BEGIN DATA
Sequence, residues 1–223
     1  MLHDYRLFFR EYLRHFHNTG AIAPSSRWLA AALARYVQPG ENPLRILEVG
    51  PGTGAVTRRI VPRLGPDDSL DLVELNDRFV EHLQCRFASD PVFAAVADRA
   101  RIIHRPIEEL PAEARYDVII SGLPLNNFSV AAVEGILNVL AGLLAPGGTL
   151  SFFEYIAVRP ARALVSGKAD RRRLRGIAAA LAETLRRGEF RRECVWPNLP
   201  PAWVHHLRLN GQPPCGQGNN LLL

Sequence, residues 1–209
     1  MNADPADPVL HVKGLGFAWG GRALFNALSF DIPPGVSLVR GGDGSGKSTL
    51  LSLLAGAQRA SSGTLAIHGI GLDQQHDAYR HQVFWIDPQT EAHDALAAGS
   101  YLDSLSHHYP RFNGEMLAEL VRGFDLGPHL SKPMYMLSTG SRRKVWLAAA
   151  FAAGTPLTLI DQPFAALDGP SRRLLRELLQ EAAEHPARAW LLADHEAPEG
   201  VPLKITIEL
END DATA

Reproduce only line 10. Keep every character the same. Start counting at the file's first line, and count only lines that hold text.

   101  YLDSLSHHYP RFNGEMLAEL VRGFDLGPHL SKPMYMLSTG SRRKVWLAAA